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This review is from: The Twin (Paperback)
There may be some spoilers ahead!
The book addresses several themes: aging and loneliness, heartache and complexity of relationships within families, especially that thing so special that is the relationship between brothers, who in this case are twins, and one of them died young. In addition, the book is set in a rural environment, and dedicates an almost obsessive attention to tasks and their timing, and the rhythm of the work of a cattle farm, and is unsparing in remarks on bikes, ice skating, canoeing, and fauna and flora in general.
Helmer, the surviving twin, is in his fifties, lives a difficult relationship, made of a lot of remorse and revenge, with his dying father. Many moments of this relationship disturbed me a lot, either by the situation of a child having to take care of his father who is in the process of accelerated degradation, or because it has a very large dose of cruelty and I could never stop relating to what I am currently living in terms of family status.
The only company Helmer has are a neighbor and her two sons, still infants, who help him in some of the farm work, namely in taking care of the pair of donkeys that Helmer, against the will of his father, bought to the farm.
One day Helmer got the visit of Riet, the ex-girlfriend of his dead twin brother, that had been expelled from home by the brothers' father, who blamed her of this untimely death. As a result of her visit, the son of Riet, a troubled 17 year old that has the same name of his dead brother, spend a few months to live with Helmer on the farm as an assistant, and the relationship between them is anything but simple.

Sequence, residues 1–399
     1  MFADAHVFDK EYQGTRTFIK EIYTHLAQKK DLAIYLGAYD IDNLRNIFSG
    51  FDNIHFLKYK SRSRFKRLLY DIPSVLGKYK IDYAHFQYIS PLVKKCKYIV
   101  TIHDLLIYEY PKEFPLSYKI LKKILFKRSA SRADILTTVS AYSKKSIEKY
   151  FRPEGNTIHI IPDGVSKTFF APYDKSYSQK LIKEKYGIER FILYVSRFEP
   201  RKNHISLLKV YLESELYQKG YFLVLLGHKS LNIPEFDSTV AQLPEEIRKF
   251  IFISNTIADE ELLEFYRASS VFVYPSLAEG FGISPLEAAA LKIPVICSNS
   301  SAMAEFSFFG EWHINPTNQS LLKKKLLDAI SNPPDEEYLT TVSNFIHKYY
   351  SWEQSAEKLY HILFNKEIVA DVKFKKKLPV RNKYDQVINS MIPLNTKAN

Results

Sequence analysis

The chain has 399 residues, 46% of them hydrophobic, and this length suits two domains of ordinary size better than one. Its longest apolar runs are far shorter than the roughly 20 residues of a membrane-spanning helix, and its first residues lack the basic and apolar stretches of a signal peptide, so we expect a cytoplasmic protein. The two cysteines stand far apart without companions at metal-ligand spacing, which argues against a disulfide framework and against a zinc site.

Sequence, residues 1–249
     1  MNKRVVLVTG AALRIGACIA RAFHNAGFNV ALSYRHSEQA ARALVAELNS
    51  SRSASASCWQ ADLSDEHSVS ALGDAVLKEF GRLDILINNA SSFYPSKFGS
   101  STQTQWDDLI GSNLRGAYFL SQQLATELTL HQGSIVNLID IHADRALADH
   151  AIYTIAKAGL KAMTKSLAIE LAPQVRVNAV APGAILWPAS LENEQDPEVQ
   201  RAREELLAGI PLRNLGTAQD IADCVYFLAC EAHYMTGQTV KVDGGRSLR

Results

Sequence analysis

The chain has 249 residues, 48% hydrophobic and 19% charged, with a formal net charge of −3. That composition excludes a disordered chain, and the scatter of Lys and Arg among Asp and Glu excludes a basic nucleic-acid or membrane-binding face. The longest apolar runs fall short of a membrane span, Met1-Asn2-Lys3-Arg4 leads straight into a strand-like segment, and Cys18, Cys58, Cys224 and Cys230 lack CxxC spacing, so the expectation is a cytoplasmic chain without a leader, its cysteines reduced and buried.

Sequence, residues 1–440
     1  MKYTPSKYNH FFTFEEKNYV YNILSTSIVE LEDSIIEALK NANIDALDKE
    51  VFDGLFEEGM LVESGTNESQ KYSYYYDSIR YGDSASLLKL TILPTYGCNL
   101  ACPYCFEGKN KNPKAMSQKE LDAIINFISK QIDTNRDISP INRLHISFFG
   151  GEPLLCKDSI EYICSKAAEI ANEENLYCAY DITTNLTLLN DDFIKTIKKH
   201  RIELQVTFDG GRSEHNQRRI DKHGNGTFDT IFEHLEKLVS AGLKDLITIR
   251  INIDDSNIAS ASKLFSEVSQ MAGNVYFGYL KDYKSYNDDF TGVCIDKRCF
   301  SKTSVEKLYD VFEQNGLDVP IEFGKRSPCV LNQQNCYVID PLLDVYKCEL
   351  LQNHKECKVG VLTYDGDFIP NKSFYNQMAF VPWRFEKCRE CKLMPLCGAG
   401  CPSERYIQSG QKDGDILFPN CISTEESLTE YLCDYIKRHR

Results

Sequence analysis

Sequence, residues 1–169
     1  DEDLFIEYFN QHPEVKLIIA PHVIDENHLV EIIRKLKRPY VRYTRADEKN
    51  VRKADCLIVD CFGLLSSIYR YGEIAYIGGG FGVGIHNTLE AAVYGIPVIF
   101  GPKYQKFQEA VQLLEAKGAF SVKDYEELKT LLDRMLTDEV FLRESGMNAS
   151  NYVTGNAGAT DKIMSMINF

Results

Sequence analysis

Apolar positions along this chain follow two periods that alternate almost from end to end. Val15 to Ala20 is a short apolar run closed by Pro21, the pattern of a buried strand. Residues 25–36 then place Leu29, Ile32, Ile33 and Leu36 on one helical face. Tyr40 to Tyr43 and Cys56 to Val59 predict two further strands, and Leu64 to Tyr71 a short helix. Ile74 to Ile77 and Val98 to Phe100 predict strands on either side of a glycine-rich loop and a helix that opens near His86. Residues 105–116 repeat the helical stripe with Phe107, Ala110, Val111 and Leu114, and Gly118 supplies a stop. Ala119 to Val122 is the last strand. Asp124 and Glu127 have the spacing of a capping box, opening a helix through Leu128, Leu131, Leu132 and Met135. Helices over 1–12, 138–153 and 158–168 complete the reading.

On his father's death, Helmer is visited by a former worker of the farm, from the time when the twin was still alive, and that was the only person who valued and paid attention, and even affection, to Helmer.
Basically, this is what happens throughout the pages of the book. But this set of complicated relationships, all full of anguish, is served by a very dry language, with very few adjectives, written in first person, and loaded with an amazing humour, sometimes ironic sometimes tender.
The book moved me greatly, but it amused me even more. It made me love the main character, and I was fascinated by the person who was able to write a book so full of emotion and humour, and especially as able to grasp feelings and emotions, particularly the more complex and subtle. It was no doubt about it, my favourite book of the year.